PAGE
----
The Hubble Space Telescope has started a new mission to study six massive galaxy clusters that may help shed light on how the earliest galaxies evolved in the universe, NASA said. For understanding cosmos learning about the formation and evolution of the very first galaxies in the universe is crucial.
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The Hubble Space Telescope has already detected some of the most distant galaxies known, their numbers are small, making it hard for astronomers to determine if they represent the universe at large.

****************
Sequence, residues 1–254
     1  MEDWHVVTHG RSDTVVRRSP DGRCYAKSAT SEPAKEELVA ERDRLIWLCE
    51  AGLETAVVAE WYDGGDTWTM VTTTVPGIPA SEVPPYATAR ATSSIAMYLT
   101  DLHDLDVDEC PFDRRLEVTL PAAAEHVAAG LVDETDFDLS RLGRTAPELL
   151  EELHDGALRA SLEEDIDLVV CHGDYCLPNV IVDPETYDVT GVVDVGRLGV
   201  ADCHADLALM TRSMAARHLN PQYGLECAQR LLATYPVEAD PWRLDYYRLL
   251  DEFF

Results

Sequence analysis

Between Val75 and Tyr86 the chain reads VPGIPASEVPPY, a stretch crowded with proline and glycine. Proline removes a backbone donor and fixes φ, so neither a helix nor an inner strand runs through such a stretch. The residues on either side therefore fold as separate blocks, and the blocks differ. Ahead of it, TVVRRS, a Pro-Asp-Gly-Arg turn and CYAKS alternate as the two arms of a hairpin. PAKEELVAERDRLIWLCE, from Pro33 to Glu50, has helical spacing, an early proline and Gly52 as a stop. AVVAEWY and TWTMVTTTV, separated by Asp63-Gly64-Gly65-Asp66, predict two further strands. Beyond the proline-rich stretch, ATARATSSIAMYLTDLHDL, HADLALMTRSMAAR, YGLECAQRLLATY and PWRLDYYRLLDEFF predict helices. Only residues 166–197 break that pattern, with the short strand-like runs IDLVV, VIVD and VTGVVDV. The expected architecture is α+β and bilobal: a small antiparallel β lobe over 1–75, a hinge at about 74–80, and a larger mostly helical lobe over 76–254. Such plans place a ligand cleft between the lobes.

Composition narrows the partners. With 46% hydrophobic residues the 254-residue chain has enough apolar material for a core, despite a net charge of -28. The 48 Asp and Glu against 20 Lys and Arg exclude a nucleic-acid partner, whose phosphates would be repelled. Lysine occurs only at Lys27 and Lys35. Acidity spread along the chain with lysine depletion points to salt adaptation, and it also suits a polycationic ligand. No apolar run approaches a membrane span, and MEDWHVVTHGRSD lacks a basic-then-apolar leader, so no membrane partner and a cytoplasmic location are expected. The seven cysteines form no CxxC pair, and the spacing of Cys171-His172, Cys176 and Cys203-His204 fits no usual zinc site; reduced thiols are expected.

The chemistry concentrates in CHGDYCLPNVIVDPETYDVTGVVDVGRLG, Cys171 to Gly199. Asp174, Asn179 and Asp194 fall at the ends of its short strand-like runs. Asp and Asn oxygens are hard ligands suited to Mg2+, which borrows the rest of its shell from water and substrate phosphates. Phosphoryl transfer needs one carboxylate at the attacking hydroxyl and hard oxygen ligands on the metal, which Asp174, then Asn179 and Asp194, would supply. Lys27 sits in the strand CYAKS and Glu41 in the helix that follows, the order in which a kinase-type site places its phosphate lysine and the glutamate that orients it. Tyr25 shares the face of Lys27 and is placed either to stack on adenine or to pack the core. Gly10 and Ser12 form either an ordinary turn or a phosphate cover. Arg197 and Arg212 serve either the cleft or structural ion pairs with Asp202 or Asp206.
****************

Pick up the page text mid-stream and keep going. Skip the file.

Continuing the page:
Hubble observing campaign, called Beyond Ultra-deep Frontier Fields and Legacy Observations, or BUFFALO, will boldly expand the space telescope's view into regions that are adjacent to huge galaxy clusters previously photographed by NASA's Spitzer and Hubble space telescopes under a program called Frontier Fields.
The BUFFALO program is designed to identify galaxies in their earliest stages of formation, less than 800 million years after the big bang. BUFFALO will be able to detect the galaxies approximately ten times more efficiently than its progenitor.
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The extended fields of view will also allow better 3D mapping of the mass distribution – of both ordinary and dark matter – within each galaxy cluster.
The Hubble Space Telescope is a project of international cooperation between NASA and ESA (European Space Agency). NASA's Goddard Space Flight Centre in Greenbelt, Maryland, manages the telescope.